Charities must stay out of politics
Monday, December 9, 2013 3:28:00 PST PM
David Suzuki. (ETIENNE LABERGE/QMI Agency)
Get a lot from charitable giving
To be charitable, this is wrong
If you run a charity in Canada, the rules are pretty simple.
In order to enjoy tax-exempt status and give out tax-deductible receipts for donations — which all Canadians subsidize — you're not supposed to be politically partisan.
You're not supposed to tell people, directly or indirectly, to vote for a particular politician or party, or not to vote for another politician or party.
You're not supposed to engage in partisan activities using money funneled to you from foreign foundations.
You can spend up to 10% of your budget on political activities — for example, informing the public about environmental issues — but not on a partisan basis.
That's why Federal Finance Minister Jim Flaherty, as he prepares the federal budget, is warning environmental charities, for the second year in a row, that: "If I were an environmental charity using charitable money, tax-receipted money, for political purposes, I would be cautious."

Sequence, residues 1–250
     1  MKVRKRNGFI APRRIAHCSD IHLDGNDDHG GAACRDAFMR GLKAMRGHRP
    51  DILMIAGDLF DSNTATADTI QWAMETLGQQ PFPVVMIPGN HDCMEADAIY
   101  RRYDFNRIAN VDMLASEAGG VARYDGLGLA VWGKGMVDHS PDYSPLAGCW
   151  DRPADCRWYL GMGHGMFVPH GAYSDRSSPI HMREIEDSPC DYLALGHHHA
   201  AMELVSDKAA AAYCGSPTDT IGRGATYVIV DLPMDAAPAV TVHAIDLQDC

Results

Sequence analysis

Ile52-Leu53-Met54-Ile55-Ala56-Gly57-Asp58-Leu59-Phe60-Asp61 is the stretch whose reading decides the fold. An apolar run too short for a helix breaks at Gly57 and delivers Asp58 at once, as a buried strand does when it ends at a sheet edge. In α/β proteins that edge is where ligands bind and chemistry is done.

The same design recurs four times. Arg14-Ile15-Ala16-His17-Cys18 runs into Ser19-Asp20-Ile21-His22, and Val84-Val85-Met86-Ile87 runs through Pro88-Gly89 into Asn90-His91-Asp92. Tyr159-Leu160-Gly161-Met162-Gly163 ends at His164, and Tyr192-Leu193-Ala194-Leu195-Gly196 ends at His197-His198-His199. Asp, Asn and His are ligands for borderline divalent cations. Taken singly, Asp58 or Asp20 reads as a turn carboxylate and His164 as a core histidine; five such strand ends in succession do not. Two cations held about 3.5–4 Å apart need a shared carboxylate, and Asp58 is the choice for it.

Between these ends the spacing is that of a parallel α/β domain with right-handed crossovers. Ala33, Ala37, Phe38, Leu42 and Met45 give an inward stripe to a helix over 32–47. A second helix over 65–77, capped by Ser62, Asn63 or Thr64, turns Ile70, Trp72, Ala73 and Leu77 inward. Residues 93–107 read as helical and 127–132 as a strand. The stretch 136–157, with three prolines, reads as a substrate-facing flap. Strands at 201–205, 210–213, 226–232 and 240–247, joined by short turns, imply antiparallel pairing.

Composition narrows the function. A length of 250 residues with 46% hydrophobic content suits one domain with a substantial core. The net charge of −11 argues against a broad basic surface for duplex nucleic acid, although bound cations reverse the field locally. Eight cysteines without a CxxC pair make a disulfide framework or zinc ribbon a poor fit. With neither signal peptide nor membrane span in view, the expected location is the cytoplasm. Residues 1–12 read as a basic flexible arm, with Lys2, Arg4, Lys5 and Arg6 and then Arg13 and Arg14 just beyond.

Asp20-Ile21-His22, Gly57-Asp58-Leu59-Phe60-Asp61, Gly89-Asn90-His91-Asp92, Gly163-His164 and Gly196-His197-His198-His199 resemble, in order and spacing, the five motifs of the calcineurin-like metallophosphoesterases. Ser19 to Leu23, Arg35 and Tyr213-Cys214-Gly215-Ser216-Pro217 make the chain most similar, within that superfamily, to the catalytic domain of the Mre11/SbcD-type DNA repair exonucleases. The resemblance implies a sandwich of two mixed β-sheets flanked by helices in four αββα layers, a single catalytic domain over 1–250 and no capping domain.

Darn straight. And good advice for charities that don't want to have their charitable status revoked.
Whenever the government raises this issue, environmental groups like the David Suzuki Foundation, Tides Canada and the Sierra Club portray it as an attack on their right to free speech, to oppose things like the oilsands and pipeline projects.
Nonsense. Everyone has the right to criticize the government and to try to persuade others to their point of view.
But if they're going to be given the privilege of charitable status, there are rules they have to follow, including that they have to be non-partisan.
Despite that, Suzuki, for example, appeared in a campaign video endorsing former Ontario Liberal premier Dalton McGuinty in the 2011 election, while publicly attacking Tory leader Tim Hudak and the Conservatives.
In the 2008 federal election, he endorsed then-Liberal leader Stephane Dion, while attacking Prime Minister Stephen Harper and the late NDP leader Jack Layton on environmental issues.
This is non-partisan?
Suzuki's response is that he says these things as an individual, not as a representative of his charity, the David Suzuki Foundation, whose board of directors he resigned from last year to make the distinction clear.
Wonderful. But that doesn't change the fact charities should have to follow the rules of the Canada Revenue Agency, just as all Canadians do.